The afternoons continue to be beautiful. Different beaches and activities, including naps and reading books. The breeze keeps us cool and the bugs are mostly at bay.
Today was the first day back at school after a long, adventurous weekend. Us teachers and the students at school all had fun-- some of us went hiking around the island, while some of the kids went to the beach with friends or took trips to St. Thomas, as they told me enthusiastically! Getting a break to relax and explore was welcome, but I felt happy to go back to school. We had some issues with an absent substitute teacher and second round of missing classroom keys, so our first 4th-grade class was somewhat hectic. However, the day went well overall! Groups got reshuffled in the second 4th-grade so that I got to work with a different kid than before, one whom I had helped just briefly on the first day of class. On that first day, she was almost silent and not at all self-motivated or expressive, but today she made a lot of progress on her plant project and we talked freely about what we had done over the weekend. It just goes to show that first impressions are not always accurate, and that all of these kids have much more to them than what we see on any given day. Ryan, for example, learned that a girl she was working with had missed multiple classes because she has sickle-cell anemia. Many of the kids we work with likely have problems big and small, but when they show up to class, they are ready to learn and so happy to see us despite that. I had definitely run out of steam by the end of this longer day, and I had to work hard to keep all the kids' projects straight in my head. But it is immensely rewarding to see the joy they get out of brainstorming and seeing their projects work, and to see how they grow as people over these few days.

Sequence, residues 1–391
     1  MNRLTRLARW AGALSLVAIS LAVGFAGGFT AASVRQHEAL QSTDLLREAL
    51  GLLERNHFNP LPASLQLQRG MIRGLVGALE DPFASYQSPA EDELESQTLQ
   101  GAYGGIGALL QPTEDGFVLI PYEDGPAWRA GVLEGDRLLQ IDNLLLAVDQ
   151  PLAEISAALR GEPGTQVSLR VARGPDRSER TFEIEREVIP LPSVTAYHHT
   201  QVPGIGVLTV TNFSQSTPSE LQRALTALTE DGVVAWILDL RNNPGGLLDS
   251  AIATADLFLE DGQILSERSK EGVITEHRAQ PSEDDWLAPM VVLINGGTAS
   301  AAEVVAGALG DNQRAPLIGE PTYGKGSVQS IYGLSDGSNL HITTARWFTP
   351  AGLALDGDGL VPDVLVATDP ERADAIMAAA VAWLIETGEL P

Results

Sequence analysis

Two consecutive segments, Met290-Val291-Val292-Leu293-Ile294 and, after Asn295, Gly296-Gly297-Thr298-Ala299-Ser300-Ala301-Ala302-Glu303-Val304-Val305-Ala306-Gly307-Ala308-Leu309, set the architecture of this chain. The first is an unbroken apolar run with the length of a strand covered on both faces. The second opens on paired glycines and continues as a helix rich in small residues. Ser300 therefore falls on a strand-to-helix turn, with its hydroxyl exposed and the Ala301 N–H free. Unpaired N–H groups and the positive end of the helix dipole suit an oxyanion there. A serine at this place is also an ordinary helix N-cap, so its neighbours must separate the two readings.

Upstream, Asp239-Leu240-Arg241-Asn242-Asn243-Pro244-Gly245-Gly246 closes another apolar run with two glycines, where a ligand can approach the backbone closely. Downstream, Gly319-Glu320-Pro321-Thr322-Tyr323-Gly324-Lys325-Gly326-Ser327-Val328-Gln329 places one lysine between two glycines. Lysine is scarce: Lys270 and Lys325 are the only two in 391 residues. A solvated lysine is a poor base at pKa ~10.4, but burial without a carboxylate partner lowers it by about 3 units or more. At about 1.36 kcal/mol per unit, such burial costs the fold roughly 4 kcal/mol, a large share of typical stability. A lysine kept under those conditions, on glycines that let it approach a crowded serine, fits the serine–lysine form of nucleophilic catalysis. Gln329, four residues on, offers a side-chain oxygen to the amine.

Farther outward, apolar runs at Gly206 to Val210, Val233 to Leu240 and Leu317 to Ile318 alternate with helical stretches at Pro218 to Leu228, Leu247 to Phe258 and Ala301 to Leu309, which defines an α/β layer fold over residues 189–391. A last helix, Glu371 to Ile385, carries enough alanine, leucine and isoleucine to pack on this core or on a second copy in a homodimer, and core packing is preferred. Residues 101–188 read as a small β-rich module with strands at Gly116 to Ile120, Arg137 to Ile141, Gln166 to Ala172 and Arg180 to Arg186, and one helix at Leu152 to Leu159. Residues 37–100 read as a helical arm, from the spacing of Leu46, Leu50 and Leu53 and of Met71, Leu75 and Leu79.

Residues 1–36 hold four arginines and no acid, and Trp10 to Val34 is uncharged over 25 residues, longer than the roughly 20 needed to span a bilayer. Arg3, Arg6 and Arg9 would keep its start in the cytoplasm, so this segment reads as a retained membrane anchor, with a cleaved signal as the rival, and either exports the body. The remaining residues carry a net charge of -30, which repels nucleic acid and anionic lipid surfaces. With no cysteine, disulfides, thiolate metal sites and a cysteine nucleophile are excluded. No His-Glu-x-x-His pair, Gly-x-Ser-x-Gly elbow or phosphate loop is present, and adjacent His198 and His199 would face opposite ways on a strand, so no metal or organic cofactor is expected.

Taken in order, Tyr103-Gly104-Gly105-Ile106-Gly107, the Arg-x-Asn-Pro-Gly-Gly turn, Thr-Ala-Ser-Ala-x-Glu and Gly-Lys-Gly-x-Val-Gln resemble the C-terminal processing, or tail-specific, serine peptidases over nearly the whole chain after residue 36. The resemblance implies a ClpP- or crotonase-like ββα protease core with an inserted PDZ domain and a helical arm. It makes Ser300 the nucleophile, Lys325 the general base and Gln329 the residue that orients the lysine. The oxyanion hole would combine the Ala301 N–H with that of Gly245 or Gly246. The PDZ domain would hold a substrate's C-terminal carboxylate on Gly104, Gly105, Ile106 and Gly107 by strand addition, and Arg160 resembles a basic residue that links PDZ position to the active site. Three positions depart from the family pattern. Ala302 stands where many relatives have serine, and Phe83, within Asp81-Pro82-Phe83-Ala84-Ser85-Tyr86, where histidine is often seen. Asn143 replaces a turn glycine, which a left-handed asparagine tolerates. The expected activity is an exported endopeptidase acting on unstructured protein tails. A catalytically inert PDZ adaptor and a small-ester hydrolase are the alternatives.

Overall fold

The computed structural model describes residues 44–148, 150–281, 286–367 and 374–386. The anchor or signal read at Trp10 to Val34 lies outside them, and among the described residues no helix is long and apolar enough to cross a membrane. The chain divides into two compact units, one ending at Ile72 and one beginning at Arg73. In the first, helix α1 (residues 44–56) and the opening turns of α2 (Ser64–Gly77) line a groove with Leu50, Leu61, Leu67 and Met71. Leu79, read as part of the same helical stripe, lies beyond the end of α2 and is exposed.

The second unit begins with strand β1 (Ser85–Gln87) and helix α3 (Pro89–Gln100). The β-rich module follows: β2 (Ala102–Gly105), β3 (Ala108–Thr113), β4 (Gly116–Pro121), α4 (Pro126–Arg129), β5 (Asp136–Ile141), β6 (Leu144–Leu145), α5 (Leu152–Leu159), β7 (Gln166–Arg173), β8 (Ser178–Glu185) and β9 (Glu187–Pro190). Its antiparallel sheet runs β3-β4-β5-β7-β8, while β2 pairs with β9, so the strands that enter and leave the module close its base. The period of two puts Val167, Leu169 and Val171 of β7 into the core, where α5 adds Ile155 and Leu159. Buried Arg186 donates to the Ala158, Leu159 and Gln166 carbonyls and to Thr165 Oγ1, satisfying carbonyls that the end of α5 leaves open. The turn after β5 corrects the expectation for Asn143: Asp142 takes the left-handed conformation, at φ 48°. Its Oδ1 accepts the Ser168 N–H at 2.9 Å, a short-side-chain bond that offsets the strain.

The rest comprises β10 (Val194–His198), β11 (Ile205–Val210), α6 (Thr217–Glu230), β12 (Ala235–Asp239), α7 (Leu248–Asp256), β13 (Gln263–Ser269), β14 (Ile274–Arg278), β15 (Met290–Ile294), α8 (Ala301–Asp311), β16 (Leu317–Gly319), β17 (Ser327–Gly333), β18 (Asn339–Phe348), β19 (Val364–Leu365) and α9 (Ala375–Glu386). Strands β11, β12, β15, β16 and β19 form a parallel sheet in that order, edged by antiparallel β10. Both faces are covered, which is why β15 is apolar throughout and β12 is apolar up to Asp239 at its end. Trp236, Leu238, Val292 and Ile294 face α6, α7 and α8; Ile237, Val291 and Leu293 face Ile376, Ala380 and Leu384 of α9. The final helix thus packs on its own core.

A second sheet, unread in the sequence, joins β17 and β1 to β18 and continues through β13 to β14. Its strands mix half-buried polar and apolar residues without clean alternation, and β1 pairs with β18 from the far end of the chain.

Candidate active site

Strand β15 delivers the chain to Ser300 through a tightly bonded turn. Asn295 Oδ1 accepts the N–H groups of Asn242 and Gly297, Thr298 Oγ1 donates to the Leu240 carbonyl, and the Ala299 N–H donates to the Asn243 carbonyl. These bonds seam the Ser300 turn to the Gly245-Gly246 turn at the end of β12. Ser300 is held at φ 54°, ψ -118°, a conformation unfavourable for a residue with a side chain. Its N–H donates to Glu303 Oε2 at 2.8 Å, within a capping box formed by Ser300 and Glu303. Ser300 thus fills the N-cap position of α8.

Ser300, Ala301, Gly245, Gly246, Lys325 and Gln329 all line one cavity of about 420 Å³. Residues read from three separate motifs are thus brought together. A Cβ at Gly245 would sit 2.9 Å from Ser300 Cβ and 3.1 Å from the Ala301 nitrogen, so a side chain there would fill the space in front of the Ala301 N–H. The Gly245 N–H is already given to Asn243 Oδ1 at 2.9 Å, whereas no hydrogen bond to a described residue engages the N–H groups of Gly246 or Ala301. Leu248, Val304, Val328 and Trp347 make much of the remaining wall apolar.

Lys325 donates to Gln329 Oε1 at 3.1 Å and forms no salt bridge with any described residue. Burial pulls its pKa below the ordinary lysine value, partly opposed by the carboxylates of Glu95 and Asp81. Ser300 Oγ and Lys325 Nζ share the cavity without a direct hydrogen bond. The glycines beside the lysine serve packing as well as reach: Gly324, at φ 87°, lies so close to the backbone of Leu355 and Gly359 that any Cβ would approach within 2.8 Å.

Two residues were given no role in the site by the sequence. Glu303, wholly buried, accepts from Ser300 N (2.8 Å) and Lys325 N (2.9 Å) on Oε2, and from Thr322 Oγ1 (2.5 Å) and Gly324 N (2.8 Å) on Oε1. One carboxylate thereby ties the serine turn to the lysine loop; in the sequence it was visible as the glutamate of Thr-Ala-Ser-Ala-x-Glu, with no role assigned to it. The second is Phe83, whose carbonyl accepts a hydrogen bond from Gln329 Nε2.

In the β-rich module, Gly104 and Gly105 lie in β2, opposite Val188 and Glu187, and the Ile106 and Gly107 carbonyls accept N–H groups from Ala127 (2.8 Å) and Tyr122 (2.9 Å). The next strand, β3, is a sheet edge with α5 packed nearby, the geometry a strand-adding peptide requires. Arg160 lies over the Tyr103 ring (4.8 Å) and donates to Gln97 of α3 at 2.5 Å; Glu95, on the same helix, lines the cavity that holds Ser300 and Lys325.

Today was our sixth day teaching at the J.E.S.S. School. The juniors woke up this morning and had breakfast. We then went to the laud road and ate at the cafe next to there. After that we taught both fourth grade classes and continued to work on their plant projects. Some of us then worked with the fifth graders and others worked with the seventh graders. After that we tried out the pizza place Ronnies, famous for their amazing brownies and pizza. After that we relaxed before dinner, met as a group and went to bed.